The Rector writes ‘Happy Easter to you all! We are still working out what it is to be church at the moment, amid all of the worry and pain around us. I have been emailing daily reflections and prayers during Holy Week, ringing around people who are stuck at home, sending some cards to people who aren’t on email, all the children have had Easter work sheets and colouring in sheets posted to them (which went down very well!) We have put Palm Crosses on the gates of both of our churches telling people to take them away and I have had to replenish them several times here in Carrigaline (probably because of people visiting graves). Peter Coughlan made the lovely Easter Garden in St Mary’s Churchyard. I’ve been taking loads of photos of all this activity and posting it on Facebook. Brenda Haubold had the great idea that after this is over we should put together some kind of Parish Photo Book which will tell our own Quarantine Story (and the book could be a much needed fundraiser for the parish!) so take lots of photos and send them to me. I am sending out the entire Holy Communion Service again with this week’s Pewsheet email so that you can follow the live service. If you need to speak with me, just ring me or email me and I will be happy to chat. Just pick up the phone and ring me..(and more from me on the back page!)
The Rector continues….. ‘I am still going to do a Service at 11am every Sunday which will be broadcast live. If you are on a PC , just go to the parish website www.carrigalineunion.org and under the top right hand corner of the screen you’ll see ‘’Live Streaming of Services’ If you click on that you will be able to choose to view the service. You can also google ‘Carrigaline Union of Parishes Youtube’ and click on the link to see the recorded services. A huge thank you to Simon Woodworth for all the work he is doing to keep our online presence possible. Thank you also to the bishop for the grant we received to buy some new camera equipment and also the Zoom software which allowed the Select Vestry to meet remotely last week. This pew sheet will have the readings for today and the prayers and I have sent out the HC service again this week. The Church of Ireland website has all of the Book of Common Prayer online if you’d like to look at it https://www.ireland.anglican.org/prayer-worship/book-ofcommon-prayer . And I also put up my sermon and the prayers on the Website if you want to read them later. Some of you were also asking me what to do about your giving and you can post your envelope to Helen Arnopp, our Honorary Treasurer, her address is Ballea, Carrigaline,P43 HT95. If you’d rather set up a standing order or transfer , here are the details of our deposit bank account: IBAN – IE47BOFI90297974081798 BIC – BOFIIE2D Rector & Churchwardens Savings Account Someone else told me that they had set up a jam jar at home and were putting their usual ‘Plate’ giving into the jar with the intention of passing it on to the Parish when this is all over. A great idea I think — almost the opposite of a Swear Jar! I will continue to pray for you all daily and ask that you pray for me……God bless us all.’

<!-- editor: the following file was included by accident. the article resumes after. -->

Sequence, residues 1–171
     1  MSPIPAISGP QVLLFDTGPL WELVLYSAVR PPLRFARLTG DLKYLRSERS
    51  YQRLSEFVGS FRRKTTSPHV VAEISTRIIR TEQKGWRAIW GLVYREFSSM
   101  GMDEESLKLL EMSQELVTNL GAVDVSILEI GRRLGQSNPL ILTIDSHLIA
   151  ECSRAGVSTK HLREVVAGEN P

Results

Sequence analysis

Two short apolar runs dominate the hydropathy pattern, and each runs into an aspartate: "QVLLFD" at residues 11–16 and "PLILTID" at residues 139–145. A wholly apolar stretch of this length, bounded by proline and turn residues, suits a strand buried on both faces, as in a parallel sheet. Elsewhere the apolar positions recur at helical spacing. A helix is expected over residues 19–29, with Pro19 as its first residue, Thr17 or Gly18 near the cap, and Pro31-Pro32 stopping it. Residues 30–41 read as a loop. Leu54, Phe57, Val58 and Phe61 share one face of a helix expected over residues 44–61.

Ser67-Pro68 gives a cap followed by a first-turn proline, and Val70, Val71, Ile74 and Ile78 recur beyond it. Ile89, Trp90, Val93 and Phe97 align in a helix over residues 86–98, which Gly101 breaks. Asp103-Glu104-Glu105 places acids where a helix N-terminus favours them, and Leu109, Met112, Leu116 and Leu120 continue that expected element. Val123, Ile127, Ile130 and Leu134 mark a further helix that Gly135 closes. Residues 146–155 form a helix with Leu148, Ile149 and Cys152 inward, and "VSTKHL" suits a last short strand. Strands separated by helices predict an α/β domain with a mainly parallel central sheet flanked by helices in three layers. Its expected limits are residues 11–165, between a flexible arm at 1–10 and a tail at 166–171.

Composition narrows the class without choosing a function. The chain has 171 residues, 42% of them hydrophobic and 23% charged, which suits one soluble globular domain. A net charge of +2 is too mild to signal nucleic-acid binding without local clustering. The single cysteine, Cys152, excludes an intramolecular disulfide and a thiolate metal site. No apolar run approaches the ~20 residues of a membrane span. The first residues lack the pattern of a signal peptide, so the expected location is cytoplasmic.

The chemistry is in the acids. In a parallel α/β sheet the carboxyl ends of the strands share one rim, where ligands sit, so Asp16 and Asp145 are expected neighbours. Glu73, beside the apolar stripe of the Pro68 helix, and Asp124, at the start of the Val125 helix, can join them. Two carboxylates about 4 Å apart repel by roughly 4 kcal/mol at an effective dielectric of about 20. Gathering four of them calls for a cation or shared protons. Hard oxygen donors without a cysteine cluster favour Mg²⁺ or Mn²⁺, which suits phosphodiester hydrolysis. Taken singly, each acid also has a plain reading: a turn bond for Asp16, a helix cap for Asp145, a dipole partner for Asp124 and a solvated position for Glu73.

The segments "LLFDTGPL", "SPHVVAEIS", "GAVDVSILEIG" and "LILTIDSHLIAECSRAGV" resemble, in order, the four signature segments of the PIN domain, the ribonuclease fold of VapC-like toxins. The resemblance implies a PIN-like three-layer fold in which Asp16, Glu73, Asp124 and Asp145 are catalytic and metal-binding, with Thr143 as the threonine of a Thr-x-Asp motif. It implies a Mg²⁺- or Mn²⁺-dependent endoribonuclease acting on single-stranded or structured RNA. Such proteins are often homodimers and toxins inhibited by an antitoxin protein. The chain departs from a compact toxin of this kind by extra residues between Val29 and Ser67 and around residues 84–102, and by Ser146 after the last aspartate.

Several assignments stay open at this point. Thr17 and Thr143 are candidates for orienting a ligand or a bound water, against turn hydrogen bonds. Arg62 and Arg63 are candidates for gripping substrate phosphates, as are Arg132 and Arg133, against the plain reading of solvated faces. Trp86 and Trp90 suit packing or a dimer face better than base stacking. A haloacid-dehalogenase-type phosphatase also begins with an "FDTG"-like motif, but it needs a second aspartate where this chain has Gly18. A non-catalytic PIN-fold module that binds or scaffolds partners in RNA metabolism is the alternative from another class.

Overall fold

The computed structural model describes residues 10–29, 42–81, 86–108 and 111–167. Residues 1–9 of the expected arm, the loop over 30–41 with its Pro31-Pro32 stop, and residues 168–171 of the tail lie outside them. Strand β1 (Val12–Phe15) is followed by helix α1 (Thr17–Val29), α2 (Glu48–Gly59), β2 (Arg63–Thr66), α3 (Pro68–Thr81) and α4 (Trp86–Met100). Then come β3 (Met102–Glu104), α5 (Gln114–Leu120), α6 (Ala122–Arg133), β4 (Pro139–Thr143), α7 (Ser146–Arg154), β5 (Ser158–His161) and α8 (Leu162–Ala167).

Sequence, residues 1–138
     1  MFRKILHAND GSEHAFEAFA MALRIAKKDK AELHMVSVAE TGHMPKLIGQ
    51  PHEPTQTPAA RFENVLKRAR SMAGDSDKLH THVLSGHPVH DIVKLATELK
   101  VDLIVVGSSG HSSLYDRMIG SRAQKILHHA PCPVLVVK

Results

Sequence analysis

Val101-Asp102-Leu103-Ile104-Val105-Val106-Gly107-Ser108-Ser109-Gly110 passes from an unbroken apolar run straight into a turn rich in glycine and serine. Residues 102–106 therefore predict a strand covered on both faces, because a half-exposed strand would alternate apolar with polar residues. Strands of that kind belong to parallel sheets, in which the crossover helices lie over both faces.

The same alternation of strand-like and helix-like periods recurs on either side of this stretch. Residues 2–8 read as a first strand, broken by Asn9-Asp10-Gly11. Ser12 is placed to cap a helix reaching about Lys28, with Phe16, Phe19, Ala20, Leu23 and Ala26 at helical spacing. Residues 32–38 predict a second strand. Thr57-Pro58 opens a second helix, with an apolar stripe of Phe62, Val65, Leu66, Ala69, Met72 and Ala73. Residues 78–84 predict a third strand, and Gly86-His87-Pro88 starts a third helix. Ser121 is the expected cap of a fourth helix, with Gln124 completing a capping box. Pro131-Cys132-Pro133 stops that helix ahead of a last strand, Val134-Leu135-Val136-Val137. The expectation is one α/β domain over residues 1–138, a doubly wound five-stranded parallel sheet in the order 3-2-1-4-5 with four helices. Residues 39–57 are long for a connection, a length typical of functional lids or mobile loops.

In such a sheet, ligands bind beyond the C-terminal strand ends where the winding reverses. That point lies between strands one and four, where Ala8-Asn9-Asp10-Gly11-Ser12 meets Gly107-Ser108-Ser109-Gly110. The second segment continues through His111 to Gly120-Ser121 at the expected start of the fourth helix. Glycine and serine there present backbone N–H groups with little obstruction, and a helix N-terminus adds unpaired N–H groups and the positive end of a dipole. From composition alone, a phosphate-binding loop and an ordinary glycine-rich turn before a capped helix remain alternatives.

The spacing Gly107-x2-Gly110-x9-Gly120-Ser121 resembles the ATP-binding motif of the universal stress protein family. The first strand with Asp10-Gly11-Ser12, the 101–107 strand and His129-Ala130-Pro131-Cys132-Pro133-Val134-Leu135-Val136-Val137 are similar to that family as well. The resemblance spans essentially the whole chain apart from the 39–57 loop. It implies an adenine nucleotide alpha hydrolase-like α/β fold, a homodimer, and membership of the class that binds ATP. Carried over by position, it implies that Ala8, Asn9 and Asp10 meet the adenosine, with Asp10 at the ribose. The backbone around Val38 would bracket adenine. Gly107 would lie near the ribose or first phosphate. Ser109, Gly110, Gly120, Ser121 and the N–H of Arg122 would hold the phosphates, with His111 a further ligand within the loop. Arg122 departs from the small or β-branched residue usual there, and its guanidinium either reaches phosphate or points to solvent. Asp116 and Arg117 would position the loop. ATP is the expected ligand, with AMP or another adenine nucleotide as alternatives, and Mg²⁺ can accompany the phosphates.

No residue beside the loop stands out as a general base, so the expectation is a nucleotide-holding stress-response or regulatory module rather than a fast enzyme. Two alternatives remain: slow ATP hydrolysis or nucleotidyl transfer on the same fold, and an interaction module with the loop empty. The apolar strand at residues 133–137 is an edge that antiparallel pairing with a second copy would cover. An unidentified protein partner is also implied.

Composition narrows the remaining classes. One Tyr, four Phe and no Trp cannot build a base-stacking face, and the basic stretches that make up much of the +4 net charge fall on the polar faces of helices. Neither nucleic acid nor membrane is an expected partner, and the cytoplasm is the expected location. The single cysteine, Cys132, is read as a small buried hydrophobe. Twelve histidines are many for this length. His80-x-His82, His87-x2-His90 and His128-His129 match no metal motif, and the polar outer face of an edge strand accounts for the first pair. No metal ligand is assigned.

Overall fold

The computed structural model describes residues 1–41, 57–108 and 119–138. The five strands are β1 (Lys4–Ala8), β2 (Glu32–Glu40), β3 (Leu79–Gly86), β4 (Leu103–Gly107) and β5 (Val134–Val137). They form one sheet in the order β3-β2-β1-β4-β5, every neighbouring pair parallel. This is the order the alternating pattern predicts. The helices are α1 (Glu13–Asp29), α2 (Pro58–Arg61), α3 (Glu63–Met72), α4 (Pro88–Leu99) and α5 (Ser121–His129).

Hymn 288 Thine be the Glory
Thine be the glory, risen, conquering Son,
endless is the victory thou o’er death hast won;
angels in bright raiment rolled the stone away,
kept the folded grave-clothes where thy body lay:
Thine be the glory, risen, conquering Son,
endless is the victory thou o’er death hast won.
Lo, Jesus meets us, risen from the tomb;
lovingly he greets us, scatters fear and gloom;
let the Church with gladness hymns of triumph sing,
for her Lord now liveth,
death hath lost its sting:
No more we doubt thee, glorious Prince of Life;